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The Republic’s Ritual of Guilt and Shame

Gleb Burnashev 2022
  • video installation

Selected events

  • Gleb Burnashev author
  • Roma Tozhe_mne designer
  • Artyom Grintsevich реализация
  • Stenismi мантажор
  • Adam Pańczuk curator

Curator: Adam Panchuk 

Designing: Roma Tozhe_mne
Mounting the installation: Artyom Grintsevich
Video montage: Stenismi

Plaques of honour are a relic of the Soviet Union: massive marble or concrete walls installed at the entrance to large enterprises and state institutions, on which portraits of productive ‘shock workers’ were added. In Belarus, plaques of honour never disappeared, becoming a kind of cultural code epitomising the modern Belarusian state system.

On the wall of The Republic’s Ritual of Guilt and Shame, instead of photos of ‘exemplary’ employees, there are screens playing ‘apology’ films—confessions forced from ordinary people taken into custody by the state security services. Individuals who are blameless, but have been publicly humiliated simply for leading their lives: for ‘inappropriate’ social-media subscriptions, for being part of the LGBTQ+ community, and so on.

This practice became prevalent in Belarus in 2020, with law enforcement empowered to detain an individual and then to use ridicule, intimidation, and torture to force the victim to ‘confess’ to their guilt, misguided attitude, actions, views, beliefs; and to compel them to apologise for these views and actions. The session is recorded on video in the form of a monologue or as responses to questions asked by an off-camera interrogator, and then disseminated on the internet via state media, the official accounts of the Ministry of Internal Affairs, and pro-government social networks.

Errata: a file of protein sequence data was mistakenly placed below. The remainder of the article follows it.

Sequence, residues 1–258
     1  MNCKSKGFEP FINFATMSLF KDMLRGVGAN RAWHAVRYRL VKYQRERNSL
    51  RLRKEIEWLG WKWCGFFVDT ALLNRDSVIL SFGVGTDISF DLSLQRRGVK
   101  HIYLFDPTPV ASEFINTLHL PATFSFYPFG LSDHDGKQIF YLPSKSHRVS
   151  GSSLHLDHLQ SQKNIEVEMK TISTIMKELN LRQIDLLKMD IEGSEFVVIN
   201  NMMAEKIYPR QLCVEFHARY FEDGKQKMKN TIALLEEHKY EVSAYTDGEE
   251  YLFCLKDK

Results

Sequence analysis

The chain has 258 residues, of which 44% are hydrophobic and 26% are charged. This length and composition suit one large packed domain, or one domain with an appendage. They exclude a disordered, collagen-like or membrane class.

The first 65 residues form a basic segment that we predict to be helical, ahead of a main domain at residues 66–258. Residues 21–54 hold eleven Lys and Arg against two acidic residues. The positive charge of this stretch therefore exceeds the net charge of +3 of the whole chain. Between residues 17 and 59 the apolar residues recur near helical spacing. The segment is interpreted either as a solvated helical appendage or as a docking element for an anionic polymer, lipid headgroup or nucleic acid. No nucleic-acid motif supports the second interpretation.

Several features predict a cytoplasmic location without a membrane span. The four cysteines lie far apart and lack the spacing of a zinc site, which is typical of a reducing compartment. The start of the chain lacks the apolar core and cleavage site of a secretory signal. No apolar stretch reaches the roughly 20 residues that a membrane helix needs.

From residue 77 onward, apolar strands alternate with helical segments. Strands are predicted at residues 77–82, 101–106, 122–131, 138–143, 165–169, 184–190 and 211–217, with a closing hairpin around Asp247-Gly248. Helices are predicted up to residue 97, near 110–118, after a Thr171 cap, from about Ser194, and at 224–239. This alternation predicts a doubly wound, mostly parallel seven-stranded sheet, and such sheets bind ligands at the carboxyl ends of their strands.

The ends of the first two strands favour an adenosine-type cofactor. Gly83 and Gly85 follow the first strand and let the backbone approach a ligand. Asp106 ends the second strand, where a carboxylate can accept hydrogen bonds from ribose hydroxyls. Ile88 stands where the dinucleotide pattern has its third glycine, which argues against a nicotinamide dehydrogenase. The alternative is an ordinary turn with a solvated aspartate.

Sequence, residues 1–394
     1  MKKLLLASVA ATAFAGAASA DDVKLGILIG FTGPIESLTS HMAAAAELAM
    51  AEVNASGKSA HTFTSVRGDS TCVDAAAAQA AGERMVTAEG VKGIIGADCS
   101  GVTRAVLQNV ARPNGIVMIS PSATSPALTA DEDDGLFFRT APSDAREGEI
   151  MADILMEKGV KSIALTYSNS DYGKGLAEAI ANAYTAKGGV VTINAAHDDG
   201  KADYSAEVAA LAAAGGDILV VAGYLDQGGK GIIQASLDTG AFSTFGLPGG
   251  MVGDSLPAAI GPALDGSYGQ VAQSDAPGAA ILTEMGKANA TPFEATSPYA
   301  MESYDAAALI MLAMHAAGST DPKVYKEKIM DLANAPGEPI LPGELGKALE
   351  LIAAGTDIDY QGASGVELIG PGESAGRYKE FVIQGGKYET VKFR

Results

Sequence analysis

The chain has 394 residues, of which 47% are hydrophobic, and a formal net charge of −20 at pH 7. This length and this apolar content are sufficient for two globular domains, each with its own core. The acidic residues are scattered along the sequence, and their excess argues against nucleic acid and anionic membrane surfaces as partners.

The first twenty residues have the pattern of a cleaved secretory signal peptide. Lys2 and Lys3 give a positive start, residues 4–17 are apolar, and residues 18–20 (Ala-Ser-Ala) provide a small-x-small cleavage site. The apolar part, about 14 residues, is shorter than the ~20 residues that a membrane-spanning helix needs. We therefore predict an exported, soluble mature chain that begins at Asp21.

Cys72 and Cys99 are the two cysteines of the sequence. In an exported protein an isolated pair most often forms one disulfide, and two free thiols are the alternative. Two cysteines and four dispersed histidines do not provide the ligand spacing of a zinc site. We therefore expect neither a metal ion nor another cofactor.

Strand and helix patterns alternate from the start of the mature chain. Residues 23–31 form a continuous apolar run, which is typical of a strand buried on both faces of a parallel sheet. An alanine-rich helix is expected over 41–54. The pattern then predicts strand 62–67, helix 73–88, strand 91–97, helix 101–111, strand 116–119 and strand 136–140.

The videos are designed to degrade and break a victim, to intimidate other opponents of the regime, and to cement the ‘rightness’ of the regime in the eyes of its collaborators. Until a year ago, such videos were a rarity; now they are standard practice. A ritual of guilt and shame. Another horrific symbol of the domination of the state security services in Belarus, and further evidence of their terrorist character. Not only does the regime not attempt to conceal its cruelty, it flaunts it for the world to see. Are we ready to simply accept this?

The artist also sees the work as having liberating potential. To help the victims of shame move forward; to show that they are not alone in this, that there are many others who have been subjected to the same treatment. That it is not about their personal shame, but a mass protest against such rituals in a modern-day European country.